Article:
Alex Grasshoff

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Alexander Grasshoff (December 10, 1928 – April 5, 2008) was an American documentary filmmaker and director who received 3 Oscars nominations.

Along with fellow producer Robert Cohn, he is possibly best known for writing and directing the documentary Young Americans, won an Academy Award for best feature documentary in April 1969.[1] However, the Academy of Motion Picture Arts and Sciences soon found out the film had been shown first in October 1967, thus mading it ineligible for a 1968 award and the Oscar status was revoked.[1] Grasshoff, who reportedly slept with the Oscar on the first night, also directed Academy Award-winning films The Really Big Family (1966) and Journey to the Outer Limits (1973).[1] He also directed the award-winning The Wave (1981), based on Ron Jones' The Third Wave experiment, and Future Shock (1972), based on Alvin Toffler's book and hosted by Orson Welles.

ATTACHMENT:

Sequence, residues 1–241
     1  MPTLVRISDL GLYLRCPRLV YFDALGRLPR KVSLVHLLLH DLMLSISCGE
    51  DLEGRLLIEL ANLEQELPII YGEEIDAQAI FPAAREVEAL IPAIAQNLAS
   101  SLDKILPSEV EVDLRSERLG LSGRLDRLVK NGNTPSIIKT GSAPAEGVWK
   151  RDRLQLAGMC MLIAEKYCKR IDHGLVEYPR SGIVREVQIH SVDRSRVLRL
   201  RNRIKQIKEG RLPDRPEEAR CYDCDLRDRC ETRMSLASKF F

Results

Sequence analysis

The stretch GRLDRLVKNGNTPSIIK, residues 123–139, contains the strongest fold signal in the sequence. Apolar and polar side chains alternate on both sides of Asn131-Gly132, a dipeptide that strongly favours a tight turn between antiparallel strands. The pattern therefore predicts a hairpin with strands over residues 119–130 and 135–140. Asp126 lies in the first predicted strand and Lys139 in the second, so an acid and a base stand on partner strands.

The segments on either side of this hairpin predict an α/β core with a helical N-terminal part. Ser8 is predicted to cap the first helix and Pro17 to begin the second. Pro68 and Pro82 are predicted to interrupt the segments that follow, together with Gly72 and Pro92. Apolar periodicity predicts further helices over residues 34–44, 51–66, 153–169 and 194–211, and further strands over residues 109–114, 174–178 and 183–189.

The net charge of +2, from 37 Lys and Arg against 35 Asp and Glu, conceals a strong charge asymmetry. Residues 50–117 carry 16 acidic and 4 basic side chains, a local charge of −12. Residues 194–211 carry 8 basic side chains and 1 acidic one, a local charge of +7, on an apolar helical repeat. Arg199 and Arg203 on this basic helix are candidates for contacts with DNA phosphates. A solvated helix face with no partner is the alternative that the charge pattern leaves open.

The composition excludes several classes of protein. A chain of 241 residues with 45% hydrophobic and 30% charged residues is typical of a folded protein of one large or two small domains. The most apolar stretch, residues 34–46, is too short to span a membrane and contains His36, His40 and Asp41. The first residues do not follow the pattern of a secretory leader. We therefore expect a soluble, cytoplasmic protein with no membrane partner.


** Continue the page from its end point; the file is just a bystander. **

Biography[edit]

Born in Boston, Massachusetts, Grasshoff earned a bachelor's degree in cinema at the University of Southern California and began his career as an editor at Paramount in 1951.[1]

Grasshoff died on April 5, 2008 at his home in Los Angeles of complications from bypass surgery on a leg.[1] He is survived by his wife of 38 years, Madilyn Clark Grasshoff, and two sisters, Yrsa Grasshoff and Edith Rand.[1]

Filmography[edit]

Director[edit]

Producer[edit]

Writer[edit]

  • 1960: The Jailbreakers
  • 1964: Hollywood and the Stars (TV Series, 2 episodes)
  • 1967: Young Americans (Documentary)
  • 1972: Wacky Taxi

Editor[edit]

  • 1961: Magic Spectacles

References[edit]

  1. ^ a b c d e f McLellan, Dennis (2008-04-20). "Alex Grasshoff, 79; documentary filmmaker had to give back his Oscar". Los Angeles Times. Archived from the original on 2008-04-23. Retrieved 2008-04-30. 

External links[edit]